Contract Expires Today for Actors


With their contract expiring at midnight tonight, negotiators for Hollywood studios and actors guilds continued marathon talks to close in on a new three-year deal that would end the threat of a crippling strike.

Some sources said they hoped a deal could be reached by Sunday, but by late Friday it was still unclear whether that goal could be met. They also warned that labor talks are almost always fragile and unpredictable as contracts expire.

A studio spokesman said the companies presented a comprehensive offer late Friday to union negotiators and went home, leaving actors to analyze the details into the night.

Starting at 10 a.m. Friday, negotiators met at the Alliance of Motion Picture and Television Producers headquarters in Encino and were expected to work late into the night.

Both sides abided by a self-imposed news blackout that started when they began talks May 15. But they opened a newsroom Friday afternoon at AMPTP headquarters for those monitoring the talks.

Chances of a strike are considered remote, largely because Hollywood writers successfully negotiated a new deal with studios in May, and the desire by actors to strike is considered low in the wake of a painful six-month strike last year against advertisers.

Still, tensions over pay issues have nonetheless heightened since negotiations stepped up two weeks ago.

One source close to the talks said the two sides have been narrowing their discussions to a handful of key issues. They include payments for work that runs on cable TV, minimum scales for actors, compensation when work airs in foreign markets and some kind of sweetener for struggling middle-class actors who make less than $70,000 a year.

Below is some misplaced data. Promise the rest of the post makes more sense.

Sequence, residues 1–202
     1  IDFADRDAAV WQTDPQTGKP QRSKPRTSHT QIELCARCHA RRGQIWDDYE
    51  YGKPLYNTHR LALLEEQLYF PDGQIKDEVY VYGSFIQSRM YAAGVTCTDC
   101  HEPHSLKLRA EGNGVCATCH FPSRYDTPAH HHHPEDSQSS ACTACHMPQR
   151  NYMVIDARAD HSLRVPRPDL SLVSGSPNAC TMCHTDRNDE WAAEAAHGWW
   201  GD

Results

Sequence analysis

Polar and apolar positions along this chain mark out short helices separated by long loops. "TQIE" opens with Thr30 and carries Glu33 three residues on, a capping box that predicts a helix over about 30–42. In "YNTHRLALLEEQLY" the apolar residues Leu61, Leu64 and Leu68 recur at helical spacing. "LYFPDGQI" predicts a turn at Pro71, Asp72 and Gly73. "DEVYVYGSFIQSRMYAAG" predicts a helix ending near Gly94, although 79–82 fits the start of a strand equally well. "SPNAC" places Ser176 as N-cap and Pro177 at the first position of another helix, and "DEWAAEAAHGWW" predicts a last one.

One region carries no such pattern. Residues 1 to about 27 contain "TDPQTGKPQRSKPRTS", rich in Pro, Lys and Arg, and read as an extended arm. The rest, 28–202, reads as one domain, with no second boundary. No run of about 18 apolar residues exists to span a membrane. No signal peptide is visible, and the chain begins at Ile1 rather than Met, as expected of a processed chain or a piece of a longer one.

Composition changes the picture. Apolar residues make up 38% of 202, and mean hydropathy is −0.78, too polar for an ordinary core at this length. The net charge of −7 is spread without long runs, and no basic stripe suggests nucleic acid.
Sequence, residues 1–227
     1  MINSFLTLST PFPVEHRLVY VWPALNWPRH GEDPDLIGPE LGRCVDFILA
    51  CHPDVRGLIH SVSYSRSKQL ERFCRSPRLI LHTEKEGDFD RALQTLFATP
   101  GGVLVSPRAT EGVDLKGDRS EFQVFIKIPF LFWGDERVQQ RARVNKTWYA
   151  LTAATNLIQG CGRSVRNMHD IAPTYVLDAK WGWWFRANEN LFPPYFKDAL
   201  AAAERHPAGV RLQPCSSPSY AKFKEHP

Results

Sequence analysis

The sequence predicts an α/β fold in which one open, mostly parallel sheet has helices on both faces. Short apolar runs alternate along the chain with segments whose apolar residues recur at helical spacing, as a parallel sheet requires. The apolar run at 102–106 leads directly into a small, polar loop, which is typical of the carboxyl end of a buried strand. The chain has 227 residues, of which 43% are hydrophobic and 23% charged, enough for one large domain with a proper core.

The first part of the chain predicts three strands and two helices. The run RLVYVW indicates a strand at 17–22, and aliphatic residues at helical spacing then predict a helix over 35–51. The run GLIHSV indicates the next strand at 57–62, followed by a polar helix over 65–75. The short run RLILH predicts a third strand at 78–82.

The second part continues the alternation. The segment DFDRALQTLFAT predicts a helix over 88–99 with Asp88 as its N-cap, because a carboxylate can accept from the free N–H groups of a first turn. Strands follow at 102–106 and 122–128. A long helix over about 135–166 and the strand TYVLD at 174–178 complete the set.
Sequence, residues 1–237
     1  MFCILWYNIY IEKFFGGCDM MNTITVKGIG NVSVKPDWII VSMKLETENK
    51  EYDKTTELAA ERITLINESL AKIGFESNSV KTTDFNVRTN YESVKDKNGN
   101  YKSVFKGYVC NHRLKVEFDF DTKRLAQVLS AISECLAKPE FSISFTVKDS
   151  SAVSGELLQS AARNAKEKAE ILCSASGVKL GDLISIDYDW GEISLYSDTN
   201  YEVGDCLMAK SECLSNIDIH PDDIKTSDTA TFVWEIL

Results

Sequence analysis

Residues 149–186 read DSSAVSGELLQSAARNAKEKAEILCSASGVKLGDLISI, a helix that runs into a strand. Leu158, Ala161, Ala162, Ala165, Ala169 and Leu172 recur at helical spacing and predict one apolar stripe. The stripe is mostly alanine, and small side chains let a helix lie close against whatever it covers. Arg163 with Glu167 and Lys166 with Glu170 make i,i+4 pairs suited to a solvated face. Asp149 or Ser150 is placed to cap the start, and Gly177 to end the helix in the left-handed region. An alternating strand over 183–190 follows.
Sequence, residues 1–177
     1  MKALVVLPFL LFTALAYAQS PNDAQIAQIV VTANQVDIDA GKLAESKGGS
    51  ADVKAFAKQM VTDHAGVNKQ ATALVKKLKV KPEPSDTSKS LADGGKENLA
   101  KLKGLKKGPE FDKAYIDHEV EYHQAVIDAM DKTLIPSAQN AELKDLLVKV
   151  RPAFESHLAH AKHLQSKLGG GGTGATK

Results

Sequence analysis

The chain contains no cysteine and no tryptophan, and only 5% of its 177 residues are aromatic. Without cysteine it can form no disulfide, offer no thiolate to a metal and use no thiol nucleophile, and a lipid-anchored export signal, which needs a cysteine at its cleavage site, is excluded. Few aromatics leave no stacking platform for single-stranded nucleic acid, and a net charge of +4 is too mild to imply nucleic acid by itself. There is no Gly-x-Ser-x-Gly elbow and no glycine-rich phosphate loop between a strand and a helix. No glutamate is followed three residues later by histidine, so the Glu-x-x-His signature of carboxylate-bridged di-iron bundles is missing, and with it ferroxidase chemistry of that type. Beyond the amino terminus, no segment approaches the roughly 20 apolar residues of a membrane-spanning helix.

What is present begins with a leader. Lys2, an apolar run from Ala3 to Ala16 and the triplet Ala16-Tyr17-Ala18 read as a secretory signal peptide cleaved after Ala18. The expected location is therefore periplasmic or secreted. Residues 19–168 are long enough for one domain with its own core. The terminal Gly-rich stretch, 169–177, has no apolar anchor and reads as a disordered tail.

Despite the contract expiration, the deadlines are not concrete. Talks could be extended as long as it takes to make a deal.

Historically, however, Hollywood labor deals usually come no later than a couple of days after contracts expire.

Even in the unlikely event that talks implode, actors would not strike immediately because they would need to organize a strike vote, which could take as long as a month.

Actors are represented by the Screen Actors Guild and the American Federation of Television and Radio Artists, with studios represented by the AMPTP.

One subtle sign that tensions have not gotten out of hand is that some of the key figures on both sides are going ahead with personal plans. SAG President William Daniels is in Santa Barbara today celebrating his 50th wedding anniversary. On the studio side, Warner Bros. Chairman Barry Meyer is heading to Hawaii on vacation.

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